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Question 44.
Dear Fr. Christopher,

Your blessing!
In the Ἡμερολόγιον of our Archdiocese, there is a section dedicated to wedding guidelines. It states, “Ἐπιτρέπονται κατ' οἰκονομίαν γάμοι Ὀρθοδόξων μετά ἑτεροδόξων Χριστιανῶν...* What is this οἰκονομία that we have in our religion? What is its meaning and purpose in the Church?
*Marriages between Orthodox and Christians from other denominations are permitted as a dispensation.

With respect

Evangelos


 

Answer to Question 44.

Dear Evangelos,
Good to hear from you again.
Your question on “κατ' οἰκονομίαν” (economia) is a question that should be answered by all the Bishops of the Orthodox Churches in an Ecumenical Synod.
What is “Ecomonia”?
Economia is an idiom of the Greek Church and there is no equivalent translation in English. What it means is that the Church economises on the strictness of the Canons, a dispensation, a concession or special consideration used for the good of someone’s salvation. In our times “Economia” is used freely especially during confession where we rarely apply the penances mentioned in the Canons. When it is used in connection with the Sacrament of marriage, what the Church is actually saying is that she accepts the baptism of some heretical churches like Roman Catholicism and Anglicanism. This is in fact un-canonical and according to the sacred canons any bishop or priest who accepts the baptism of a heretic as correct and true should be deposed from office.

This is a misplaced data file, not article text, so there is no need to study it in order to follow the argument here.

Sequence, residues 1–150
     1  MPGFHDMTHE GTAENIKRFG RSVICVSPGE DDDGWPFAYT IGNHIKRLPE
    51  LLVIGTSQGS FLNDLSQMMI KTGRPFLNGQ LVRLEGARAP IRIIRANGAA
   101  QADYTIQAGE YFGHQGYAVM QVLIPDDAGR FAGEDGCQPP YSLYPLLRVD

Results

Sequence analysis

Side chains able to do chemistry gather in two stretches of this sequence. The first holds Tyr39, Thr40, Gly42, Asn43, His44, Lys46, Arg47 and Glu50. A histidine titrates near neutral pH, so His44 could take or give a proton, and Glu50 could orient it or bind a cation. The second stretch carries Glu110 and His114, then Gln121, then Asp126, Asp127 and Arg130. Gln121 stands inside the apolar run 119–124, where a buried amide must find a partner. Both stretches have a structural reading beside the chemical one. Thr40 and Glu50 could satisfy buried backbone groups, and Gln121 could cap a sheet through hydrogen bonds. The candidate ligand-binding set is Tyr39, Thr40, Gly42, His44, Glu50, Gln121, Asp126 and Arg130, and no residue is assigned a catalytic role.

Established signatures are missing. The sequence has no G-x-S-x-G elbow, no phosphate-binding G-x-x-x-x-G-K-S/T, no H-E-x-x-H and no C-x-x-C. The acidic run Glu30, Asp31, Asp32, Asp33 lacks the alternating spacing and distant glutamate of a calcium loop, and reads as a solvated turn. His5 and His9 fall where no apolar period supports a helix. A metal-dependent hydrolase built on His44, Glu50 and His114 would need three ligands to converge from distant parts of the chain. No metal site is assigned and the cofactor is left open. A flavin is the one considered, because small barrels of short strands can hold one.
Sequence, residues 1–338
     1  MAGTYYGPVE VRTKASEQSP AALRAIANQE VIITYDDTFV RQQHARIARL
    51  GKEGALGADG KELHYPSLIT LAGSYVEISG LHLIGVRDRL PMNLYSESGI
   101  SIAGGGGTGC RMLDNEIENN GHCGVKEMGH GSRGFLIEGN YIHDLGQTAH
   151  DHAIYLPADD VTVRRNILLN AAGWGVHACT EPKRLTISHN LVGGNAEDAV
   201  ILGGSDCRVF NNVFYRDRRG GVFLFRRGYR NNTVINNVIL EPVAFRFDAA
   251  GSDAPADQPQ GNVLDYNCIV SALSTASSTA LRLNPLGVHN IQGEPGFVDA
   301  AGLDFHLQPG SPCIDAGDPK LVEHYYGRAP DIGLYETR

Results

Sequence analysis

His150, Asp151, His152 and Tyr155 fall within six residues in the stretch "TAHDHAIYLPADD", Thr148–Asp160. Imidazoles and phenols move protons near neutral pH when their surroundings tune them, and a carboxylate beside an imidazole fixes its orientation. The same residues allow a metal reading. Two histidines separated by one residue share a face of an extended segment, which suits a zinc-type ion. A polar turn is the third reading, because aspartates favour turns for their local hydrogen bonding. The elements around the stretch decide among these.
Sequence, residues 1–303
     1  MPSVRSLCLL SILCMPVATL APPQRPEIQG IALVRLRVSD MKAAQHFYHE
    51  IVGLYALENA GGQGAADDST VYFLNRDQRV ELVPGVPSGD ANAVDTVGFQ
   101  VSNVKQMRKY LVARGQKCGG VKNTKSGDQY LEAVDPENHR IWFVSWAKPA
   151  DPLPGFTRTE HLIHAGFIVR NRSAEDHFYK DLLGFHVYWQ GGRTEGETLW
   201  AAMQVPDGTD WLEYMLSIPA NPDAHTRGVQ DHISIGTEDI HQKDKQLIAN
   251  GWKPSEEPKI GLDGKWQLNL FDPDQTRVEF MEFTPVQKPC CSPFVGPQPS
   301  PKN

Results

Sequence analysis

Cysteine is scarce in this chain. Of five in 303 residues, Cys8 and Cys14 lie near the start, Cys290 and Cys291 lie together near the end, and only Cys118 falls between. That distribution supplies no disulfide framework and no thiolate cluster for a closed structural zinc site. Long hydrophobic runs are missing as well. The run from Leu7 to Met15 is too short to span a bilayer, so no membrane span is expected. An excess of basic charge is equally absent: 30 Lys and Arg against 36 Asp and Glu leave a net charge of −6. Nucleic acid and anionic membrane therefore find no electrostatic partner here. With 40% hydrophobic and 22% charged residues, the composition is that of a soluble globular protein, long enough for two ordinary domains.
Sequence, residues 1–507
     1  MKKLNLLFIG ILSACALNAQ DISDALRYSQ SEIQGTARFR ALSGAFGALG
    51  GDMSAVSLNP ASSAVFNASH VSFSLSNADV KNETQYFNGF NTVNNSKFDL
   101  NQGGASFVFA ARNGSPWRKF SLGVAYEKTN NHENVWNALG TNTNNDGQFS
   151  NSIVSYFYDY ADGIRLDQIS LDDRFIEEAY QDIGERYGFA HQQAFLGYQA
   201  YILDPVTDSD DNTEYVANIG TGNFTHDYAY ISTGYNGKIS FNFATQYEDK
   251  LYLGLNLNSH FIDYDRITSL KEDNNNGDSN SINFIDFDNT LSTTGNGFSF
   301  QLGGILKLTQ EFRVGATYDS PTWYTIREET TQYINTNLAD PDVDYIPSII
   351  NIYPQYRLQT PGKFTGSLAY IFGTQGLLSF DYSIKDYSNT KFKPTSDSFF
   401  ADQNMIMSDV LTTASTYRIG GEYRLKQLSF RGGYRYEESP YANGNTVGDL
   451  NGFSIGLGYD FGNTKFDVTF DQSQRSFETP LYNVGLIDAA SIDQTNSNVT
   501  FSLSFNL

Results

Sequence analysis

Canon 46 of the Apostolic Canons states: